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Intergovernmental Group of Experts on Consumer Protection Law and Policy

The fifth session of the Intergovernmental Group of Experts on Consumer Protection Law and Policy will be held on 5 and 6 July 2021.

Register here: unctad.org/meeting/intergovernmental-group-experts-consumer-protection-law-and-policy-fifth-session

The session will open at 10 am on Monday, 5 July, in room XIX of the Palais des Nations. The extent of physical and/or virtual participation will depend on the prevailing conditions at the time.

Background and purpose of the meeting

In line with the agreed conclusions adopted by the Eighth United Nations Conference to Review All Aspects of the Set of Multilaterally Agreed Equitable Principles and Rules for the Control of Restrictive Business Practices (TD/RBP/CONF.9/9), held on 19–23 October 2020, the deliberations at the fifth session of the Intergovernmental Group of Experts will focus on the following topics:

  • a) Report on the implementation of the United Nations guidelines for consumer protection by member States and relevant stakeholders;
  • b) Latest developments in legal and institutional frameworks: UNCTAD world consumer protection map;
  • c) Report of the working groups on consumer product safety: modalities for the prevention of cross-border distribution of unsafe consumer products and on consumer protection in electronic commerce;
  • d) Report of the working group on modalities of UNCTAD voluntary peer reviews of competition and consumer protection law and policy;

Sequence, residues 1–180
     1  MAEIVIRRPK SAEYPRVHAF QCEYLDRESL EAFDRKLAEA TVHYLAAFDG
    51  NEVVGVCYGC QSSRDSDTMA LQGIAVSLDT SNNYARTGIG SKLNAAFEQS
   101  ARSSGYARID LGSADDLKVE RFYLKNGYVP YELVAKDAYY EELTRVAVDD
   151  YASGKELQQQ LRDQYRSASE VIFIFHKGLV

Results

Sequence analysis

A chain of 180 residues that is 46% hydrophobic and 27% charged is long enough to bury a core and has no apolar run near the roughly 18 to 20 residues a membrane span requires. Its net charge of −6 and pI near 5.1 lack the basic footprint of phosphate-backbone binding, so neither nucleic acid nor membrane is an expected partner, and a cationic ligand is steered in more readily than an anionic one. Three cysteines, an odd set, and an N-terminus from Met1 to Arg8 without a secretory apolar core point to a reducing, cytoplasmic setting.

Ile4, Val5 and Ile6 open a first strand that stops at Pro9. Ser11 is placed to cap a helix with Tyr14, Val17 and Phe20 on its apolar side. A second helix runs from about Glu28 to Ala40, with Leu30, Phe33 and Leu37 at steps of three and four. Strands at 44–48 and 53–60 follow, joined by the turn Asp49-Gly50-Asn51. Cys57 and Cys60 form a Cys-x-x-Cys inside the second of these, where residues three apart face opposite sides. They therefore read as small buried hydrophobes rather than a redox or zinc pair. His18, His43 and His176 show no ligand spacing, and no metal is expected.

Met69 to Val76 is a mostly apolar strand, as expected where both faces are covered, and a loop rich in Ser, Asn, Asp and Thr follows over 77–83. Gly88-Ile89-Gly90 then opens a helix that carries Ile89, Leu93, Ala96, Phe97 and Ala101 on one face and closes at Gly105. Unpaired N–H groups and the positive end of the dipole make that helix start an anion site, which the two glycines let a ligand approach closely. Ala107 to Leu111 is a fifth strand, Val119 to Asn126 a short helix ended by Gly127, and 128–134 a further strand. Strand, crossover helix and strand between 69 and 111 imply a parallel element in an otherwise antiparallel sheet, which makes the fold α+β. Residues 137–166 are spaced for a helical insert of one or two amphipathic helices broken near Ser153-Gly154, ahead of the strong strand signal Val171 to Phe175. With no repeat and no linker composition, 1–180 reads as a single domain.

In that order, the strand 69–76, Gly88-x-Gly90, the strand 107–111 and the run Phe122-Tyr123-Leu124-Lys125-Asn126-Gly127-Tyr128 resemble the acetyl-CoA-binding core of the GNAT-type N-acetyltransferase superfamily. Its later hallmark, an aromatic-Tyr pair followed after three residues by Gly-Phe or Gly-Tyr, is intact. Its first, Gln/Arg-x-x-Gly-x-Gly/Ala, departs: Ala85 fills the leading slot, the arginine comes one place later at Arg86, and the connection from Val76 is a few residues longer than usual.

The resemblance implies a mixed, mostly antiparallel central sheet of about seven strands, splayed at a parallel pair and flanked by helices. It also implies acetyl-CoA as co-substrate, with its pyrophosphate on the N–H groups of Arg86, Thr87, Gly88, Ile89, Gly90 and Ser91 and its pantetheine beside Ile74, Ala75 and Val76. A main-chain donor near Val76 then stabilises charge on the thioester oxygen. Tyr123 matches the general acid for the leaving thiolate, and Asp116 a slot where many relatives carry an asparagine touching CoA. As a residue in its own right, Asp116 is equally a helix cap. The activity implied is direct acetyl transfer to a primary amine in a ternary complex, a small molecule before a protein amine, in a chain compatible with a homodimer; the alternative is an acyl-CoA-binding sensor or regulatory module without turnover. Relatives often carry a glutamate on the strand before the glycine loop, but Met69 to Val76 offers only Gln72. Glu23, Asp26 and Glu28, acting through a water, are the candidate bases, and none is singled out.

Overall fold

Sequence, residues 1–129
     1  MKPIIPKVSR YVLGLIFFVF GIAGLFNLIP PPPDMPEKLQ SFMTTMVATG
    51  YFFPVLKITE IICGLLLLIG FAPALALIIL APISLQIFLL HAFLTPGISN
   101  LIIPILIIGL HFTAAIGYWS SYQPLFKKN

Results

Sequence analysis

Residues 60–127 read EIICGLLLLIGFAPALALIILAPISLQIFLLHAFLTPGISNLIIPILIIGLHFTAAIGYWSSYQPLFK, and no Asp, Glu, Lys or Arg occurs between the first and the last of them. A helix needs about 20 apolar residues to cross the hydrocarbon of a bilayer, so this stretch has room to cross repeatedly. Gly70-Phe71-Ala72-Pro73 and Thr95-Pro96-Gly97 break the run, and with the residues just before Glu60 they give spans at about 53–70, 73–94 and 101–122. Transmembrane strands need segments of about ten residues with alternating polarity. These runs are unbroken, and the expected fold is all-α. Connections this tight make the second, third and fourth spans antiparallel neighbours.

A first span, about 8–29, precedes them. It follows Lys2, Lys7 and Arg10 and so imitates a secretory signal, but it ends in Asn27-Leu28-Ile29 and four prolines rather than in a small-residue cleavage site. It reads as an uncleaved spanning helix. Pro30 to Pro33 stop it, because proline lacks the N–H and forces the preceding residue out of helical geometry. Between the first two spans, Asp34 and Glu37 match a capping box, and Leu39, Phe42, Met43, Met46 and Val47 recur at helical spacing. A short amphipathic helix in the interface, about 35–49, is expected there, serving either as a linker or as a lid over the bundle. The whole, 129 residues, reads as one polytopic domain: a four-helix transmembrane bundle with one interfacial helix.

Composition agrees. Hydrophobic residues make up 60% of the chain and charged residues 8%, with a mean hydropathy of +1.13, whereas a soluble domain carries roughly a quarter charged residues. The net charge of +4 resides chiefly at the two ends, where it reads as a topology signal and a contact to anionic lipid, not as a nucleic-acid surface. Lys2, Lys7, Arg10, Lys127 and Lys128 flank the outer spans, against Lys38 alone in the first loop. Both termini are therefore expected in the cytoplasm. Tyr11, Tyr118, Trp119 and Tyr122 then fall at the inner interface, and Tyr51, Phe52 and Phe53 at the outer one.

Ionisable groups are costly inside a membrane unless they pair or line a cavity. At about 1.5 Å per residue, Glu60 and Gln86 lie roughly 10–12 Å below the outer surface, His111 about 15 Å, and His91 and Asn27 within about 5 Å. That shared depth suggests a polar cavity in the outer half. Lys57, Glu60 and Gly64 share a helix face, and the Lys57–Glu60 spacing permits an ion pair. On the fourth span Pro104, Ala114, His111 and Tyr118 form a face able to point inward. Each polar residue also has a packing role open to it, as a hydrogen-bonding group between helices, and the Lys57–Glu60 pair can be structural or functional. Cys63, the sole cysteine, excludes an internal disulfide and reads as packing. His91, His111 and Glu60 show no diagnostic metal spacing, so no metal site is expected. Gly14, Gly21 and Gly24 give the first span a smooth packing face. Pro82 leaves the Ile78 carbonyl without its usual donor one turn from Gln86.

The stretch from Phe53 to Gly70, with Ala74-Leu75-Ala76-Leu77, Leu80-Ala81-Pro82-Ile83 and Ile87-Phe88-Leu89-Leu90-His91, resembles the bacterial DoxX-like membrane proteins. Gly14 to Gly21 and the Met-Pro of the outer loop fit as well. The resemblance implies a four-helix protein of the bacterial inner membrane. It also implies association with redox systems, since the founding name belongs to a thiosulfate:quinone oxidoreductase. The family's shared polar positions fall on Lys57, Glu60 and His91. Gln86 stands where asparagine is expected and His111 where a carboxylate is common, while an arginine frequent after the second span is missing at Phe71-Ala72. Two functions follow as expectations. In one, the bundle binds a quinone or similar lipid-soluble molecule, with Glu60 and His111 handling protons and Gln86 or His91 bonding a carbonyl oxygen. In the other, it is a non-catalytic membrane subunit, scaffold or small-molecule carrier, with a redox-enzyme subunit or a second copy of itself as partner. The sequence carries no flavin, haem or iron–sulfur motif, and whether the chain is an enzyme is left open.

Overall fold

• e) Consumer protection needs of vulnerable and disadvantaged consumers in connection with public utilities;
  • f) Consumer law, policy and regulatory actions in response to and in the aftermath of the COVID-19 pandemic;
  • g) Voluntary peer review on consumer protection law and policy: Chile;
  • h) Review of capacity-building on and technical assistance in consumer protection law and policy;
  • i) Provisional agenda for the sixth session of the Intergovernmental Group of Experts on Consumer Protection Law and Policy;
  • j) Adoption of the report of the fifth session of the Intergovernmental Group of Experts on Consumer Protection Law and Policy

This meeting is open to all member States of UNCTAD. Other organizations, including specialized agencies, intergovernmental bodies and non-governmental organizations in the general category may participate as observers.

Online registration, at Intergovernmental Group of Experts on Consumer Protection Law and Policy, fifth session, is mandatory for all those wishing to attend the meeting and is required for inclusion in the list of participants. Early registration (before 25 June 2021) is advisable so that timely approval may be received for the issuance of a ground pass to the Palais des Nations.

Registration requires uploading an official letter of nomination to represent an organization at this meeting. For government representatives, a note verbale or an email from the permanent mission concerned in Geneva will suffice. Further enquiries regarding registration should be sent to the UNCTAD secretariat, Intergovernmental Support Service, Palais des Nations, CH-1211 Geneva 10; email: meetings@unctad.org.

Substantive and other inquiries should be addressed to the UNCTAD secretariat, Competition and Consumer Policies Branch; fax: +41 22 917 0044; email: jacqueline.bouvier@unctad.org.

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CoNGO Notes: For more information on the NGO Committee on Financing for Development, please visit ngosonffd.org. For more information on the NGO Committee on Social Development, please visit ngosocdev.org. For more information on the NGO Committee on Sustainable Development-Vienna, please visit ngocsdvienna.org. For more information on the NGO Committee on Sustainable Development-NY, please visit ngocsd-ny.org

International Day in Support of Victims of Torture